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Issue No. 184 27 June 2003  

To the Victors The Spoils
Revelations that private American lawyers, rather than the ILO, will rewrite the labour laws of countries levelled by the American military vindicate the warnings of those concerned by US unilateralism.


History: Nest of Traitors
Rowan Cahill uncovers a ripping yarn that could redefine the way we look at Australian involvement in World War II.

Interview: A Nation of Hope
Former PM Bob Hawke bemoans the demise of industrial relations but takes heart from the prospect of peace in the Middle East

Unions: National Focus
Noel Hester reports on a soap star rebellion, Howard�s plans to renuclearise South Australia, more historical atrocities in the north, the redundancy test case plus more in the monthly national wrap.

Safety: The Shocking Truth
It�s every power worker�s worst nightmare � and it happened to Adrian Ware. In a flash of voltage, his life changed forever, as Jim Marr reports.

Tribute: A Comrade Departed
From Prime Ministers to wharfies, the labour movement paid tribute to Tas Bull this week. Jim Marr was among them.

History: Working Bees
Neale Towart looks at a group of workers who got sacked so their boss could keep making the Bomb.

Education: The Big Picture
The NTEU�s Dr Mike Donaldson and Tony Brown join all the dots in the current debate around higher eduction.

International: Static Labour
Ray Marcelo argues there�s another side to the recent furore over Telstra�s use of cheap Indian IT contractors.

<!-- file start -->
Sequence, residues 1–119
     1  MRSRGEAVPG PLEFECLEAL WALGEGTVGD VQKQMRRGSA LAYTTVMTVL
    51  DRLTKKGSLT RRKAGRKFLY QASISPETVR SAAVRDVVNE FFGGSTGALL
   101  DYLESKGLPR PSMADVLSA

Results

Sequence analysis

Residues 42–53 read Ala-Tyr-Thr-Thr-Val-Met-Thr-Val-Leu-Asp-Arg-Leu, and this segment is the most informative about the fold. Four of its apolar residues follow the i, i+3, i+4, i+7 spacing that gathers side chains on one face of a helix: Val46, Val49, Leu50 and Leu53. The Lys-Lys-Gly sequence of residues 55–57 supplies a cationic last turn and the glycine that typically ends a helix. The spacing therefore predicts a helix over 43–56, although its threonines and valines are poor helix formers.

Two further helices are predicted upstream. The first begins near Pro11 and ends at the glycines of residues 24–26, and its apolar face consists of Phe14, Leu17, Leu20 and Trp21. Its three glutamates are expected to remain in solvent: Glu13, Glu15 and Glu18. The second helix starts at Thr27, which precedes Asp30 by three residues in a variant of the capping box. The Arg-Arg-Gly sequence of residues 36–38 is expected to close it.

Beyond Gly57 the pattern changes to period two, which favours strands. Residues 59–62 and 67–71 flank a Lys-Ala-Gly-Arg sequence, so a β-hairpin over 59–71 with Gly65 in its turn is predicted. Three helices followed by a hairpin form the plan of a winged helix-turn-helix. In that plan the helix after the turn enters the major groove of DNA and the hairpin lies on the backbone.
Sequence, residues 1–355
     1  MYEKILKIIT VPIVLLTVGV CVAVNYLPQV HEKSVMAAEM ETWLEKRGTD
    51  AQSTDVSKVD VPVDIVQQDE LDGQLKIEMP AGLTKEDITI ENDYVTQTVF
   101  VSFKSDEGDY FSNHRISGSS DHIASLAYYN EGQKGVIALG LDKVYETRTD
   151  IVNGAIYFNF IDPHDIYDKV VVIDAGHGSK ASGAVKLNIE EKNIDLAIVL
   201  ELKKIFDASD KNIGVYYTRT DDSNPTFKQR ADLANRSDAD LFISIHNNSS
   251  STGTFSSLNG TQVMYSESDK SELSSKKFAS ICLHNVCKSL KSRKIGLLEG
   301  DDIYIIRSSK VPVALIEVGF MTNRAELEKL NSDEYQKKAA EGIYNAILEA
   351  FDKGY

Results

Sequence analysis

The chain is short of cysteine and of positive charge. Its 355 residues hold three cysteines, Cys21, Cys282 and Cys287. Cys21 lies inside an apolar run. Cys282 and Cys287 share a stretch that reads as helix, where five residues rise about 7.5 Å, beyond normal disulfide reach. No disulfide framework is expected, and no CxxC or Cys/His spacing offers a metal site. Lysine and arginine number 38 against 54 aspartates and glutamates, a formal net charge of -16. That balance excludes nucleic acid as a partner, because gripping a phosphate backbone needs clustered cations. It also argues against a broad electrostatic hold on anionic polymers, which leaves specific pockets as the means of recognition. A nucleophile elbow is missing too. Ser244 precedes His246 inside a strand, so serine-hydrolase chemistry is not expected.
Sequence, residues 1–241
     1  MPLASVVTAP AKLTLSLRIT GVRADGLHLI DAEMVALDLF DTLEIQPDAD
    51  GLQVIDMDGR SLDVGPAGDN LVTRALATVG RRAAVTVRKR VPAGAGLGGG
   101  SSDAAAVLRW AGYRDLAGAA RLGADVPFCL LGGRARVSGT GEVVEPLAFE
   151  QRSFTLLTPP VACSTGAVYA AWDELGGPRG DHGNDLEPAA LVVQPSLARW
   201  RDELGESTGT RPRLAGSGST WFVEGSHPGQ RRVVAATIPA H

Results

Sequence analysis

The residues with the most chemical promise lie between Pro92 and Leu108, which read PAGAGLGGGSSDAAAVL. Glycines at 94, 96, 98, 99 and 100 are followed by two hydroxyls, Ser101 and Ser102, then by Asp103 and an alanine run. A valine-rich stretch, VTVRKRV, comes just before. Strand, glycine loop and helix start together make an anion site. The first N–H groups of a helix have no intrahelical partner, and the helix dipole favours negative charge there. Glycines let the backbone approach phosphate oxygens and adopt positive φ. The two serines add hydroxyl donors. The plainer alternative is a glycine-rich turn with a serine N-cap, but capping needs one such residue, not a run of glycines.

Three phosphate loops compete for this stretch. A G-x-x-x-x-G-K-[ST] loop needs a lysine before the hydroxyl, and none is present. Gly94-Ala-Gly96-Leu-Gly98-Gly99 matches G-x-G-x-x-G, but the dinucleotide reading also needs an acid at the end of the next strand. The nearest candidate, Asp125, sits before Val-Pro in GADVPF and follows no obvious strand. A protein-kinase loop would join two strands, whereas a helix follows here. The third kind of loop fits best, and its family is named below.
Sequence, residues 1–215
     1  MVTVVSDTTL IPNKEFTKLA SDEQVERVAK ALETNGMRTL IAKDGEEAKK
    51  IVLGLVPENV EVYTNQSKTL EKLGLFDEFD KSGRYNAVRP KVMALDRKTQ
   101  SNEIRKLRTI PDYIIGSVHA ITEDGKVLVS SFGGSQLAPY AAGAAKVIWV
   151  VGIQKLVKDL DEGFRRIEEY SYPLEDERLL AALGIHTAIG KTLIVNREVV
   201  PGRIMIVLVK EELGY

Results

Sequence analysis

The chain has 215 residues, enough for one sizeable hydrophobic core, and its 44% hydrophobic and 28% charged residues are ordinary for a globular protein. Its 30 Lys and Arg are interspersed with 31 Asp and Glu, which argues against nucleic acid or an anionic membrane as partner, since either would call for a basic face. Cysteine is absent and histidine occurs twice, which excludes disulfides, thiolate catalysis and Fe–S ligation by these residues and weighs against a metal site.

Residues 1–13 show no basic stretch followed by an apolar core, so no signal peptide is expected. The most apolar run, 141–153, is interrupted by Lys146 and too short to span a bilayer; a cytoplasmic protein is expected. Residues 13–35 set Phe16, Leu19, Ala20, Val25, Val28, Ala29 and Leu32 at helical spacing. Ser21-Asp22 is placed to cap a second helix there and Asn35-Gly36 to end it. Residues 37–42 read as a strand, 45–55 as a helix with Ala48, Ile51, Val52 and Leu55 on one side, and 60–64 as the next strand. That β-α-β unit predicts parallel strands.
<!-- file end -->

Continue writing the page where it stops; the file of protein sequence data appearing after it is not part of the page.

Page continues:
Economics: Budget And Fudge It
Frank Stilwell argues that Peter Costello�s latest budget plumbs fiscal policy to new depths.

Technology: Google and Campaigning
Labourstart�s Eric Lee argues the latest weapon for campaigning could be the humble search engine.

Review: Secretary With A Difference
Looking for a new job can be hard enough, without having to worry about sadomasochistic bosses and the threat of being spanked for forgetting to cross your �t�s, says Tara de Boehmler.

Poetry: The Minimale
The Labor Party leadership is in the news again, inspiring our resident bard David Peetz to song

Satire: Howard Calls for Senate to be Replaced by Clap-O-Meter
John Howard released a controversial policy statement today, arguing that the Senate be abolished in favour of a device measuring noise from the gallery of the House of Representatives.


 Rail Chaos Looms

 Electrolux Blows Fuse at Fundraiser

 ACM Loosens Handcuff on Democracy

 Sick Call on Mum�s Job

 Now For Industrial Shock and Awe

 Brian Miller � Working Class Hero

 Dynamite: Howard Handout for Rorters

 Family Case to Nurture Mothers

 Militants Lock Out Another 600

 Tipping the Turtle � Fijian Style

 Carr Goes Private

 Wages Blemish Sound Budget

 Westie Takes On Westfield �Hypocrisy�

 Eleventh Hour Reprieve for Women's Centre

 Activist Notebook


It�s Our Party
Long time union watcher Nicholas Way looks at the changing dynamics between the industrial and political wings of the labour movement.

The Soapbox
Grass Roots
In his Maiden Speech, new MP Tony Burke argues that the ALP�s union links are nothing to be ashamed of.